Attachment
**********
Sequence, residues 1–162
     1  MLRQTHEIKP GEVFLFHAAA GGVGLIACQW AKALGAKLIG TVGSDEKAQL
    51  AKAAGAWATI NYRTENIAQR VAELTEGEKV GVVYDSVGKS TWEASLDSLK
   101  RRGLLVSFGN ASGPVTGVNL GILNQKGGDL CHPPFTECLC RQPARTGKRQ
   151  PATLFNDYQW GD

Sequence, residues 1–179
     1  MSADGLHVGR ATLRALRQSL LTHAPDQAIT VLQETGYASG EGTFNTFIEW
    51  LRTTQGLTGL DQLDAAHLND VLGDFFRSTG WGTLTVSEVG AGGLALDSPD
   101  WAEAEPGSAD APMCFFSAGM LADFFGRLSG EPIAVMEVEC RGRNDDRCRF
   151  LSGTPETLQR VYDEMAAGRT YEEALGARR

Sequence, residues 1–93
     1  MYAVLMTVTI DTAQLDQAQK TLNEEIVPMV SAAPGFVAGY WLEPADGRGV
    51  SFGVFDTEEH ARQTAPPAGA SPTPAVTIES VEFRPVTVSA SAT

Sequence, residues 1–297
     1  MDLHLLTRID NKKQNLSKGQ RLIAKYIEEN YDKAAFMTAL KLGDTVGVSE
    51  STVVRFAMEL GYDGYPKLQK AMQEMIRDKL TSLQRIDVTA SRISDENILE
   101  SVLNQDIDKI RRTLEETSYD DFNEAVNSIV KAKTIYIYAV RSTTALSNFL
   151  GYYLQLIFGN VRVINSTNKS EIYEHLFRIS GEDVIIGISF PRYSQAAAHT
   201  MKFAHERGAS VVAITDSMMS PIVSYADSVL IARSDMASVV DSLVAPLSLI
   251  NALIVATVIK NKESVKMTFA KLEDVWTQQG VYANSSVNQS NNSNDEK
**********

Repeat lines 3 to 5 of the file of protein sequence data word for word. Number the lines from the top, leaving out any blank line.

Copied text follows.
    51  AKAAGAWATI NYRTENIAQR VAELTEGEKV GVVYDSVGKS TWEASLDSLK
   101  RRGLLVSFGN ASGPVTGVNL GILNQKGGDL CHPPFTECLC RQPARTGKRQ
   151  PATLFNDYQW GD